U.S. Rep. Brett Guthrie wants to make higher education more flexible to better serve non-traditional students.
To do that, he co-sponsored a bill that rewrites federal regulations governing higher education. The bill reauthorizes the Higher Education Act, first passed in 1965.
“Education and technology have changed so much, not only since the Higher Education Act first passed in 1965, but even since 2008, the last time it was reauthorized,” Guthrie said in a news release. “I hear from college graduate constituents who are saddled with thousands of dollars of debt or from would-be students who don’t have time for the typical four-year degree.”
Guthrie, a Bowling Green Republican, who chairs the subcommittee on higher education and workforce development, introduced the bill along with its primary sponsor, U.S. Rep. Virginia Foxx, R-North Carolina.
Guthrie said Thursday the bill promotes innovation, access and college completion. It also aims to simplify student aid, give students and families more information and a limit federal role in higher education.
The legislation updates higher education regulations to reflect the changing college student population, he said. Current regulations primarily are geared toward four-year institutions and students who are 18 to 22 years old.
Guthrie said he values the traditional, four-year college experience if it works for students, adding that’s the route his children have taken.
“But just focusing on that is not enough,” he said.
He said the bill will make college more friendly for a non-traditional student with a job or family who sees the opportunity to advance at work.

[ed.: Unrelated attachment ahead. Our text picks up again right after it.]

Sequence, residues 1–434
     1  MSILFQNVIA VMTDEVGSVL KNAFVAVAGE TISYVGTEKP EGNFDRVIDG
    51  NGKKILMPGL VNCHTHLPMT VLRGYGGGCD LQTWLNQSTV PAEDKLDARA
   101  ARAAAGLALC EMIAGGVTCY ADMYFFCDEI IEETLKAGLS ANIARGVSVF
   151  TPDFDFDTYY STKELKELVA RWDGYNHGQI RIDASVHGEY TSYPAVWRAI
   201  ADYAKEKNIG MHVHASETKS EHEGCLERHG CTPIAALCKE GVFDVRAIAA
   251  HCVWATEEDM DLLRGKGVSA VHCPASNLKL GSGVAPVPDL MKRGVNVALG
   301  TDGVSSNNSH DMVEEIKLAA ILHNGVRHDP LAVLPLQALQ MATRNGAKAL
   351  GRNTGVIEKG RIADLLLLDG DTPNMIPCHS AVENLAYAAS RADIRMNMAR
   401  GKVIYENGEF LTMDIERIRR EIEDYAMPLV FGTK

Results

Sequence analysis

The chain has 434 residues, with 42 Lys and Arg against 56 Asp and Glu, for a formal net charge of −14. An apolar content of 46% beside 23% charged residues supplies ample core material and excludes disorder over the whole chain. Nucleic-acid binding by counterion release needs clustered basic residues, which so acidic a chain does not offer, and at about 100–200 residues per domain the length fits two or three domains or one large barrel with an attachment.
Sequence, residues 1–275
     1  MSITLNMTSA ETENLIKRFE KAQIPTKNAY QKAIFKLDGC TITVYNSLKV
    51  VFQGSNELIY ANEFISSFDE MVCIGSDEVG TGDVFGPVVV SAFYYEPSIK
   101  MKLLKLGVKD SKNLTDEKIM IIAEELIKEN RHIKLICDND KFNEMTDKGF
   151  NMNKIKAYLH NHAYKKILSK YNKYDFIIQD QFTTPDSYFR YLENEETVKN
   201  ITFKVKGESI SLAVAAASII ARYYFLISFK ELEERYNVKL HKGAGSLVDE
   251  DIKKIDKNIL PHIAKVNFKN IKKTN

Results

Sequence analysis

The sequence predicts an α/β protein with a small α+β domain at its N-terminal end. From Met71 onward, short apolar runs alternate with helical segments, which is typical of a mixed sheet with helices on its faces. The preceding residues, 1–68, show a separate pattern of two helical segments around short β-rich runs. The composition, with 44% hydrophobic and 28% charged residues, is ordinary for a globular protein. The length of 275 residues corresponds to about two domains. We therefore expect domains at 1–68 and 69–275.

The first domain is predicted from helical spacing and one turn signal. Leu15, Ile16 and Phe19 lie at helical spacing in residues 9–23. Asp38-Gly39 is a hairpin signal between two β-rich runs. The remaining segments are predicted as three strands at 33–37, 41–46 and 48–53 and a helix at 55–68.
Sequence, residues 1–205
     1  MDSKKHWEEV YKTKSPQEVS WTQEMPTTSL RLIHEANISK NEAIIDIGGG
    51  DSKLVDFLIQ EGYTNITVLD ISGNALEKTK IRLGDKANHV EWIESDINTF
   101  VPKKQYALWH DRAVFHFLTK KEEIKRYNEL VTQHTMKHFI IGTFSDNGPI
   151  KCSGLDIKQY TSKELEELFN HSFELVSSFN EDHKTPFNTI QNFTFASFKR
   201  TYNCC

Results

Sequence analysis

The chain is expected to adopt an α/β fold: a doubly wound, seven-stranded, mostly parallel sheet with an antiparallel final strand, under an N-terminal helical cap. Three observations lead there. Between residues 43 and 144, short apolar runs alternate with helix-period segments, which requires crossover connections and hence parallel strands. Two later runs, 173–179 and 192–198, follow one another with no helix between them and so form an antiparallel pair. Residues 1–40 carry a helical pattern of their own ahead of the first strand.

“We need to make a pathway to a degree less cumbersome,” he said.
Through this bill, Guthrie said he’s working to address the skills gap in America. He said 6 million jobs in the country are not filled because skilled employees are unavailable.
“I wanted to focus on that,” he said.
He said the bill allows colleges the flexibility to award credit for life experience and to offer competency-based courses.
The bill includes changes to the Pell Grant program, which he said will make it more flexible for non-traditional students. The Pell Grant, which does not have to be repaid, helps low-income students attend college and about half the enrollees at Elizabethtown Community and Technical College receive money through the program.
Under the bill, students would receive Pell Grant money on a monthly or weekly basis, similar to a paycheck instead of the current system, which awards a bulk of the money at once.
ECTC Financial Aid Director Michael Barlow said disbursing aid on a weekly or monthly basis is an interesting proposal.
“I see many benefits for students using that model of disbursement,” he said. “Also, annually providing information to students regarding their Pell Grant usage would be especially useful to students as they transfer from one institution to another.”
Barlow said the bill’s changes to the federal student aid application are a plus for ECTC students. The bill aims to simplify the application.
The bill calls for a dashboard that will display key information about colleges and universities. Guthrie said it will be similar to the College Scorecard available at collegescorecard.ed.gov, but details still are being worked out.
Different types of students need different kinds of information, he said. He wanted to highlight for students the salary of different jobs, the amount of schooling required and the necessary skills.
“I want non-traditional students to be able to see the end of the tunnel when they show up to school,” he said.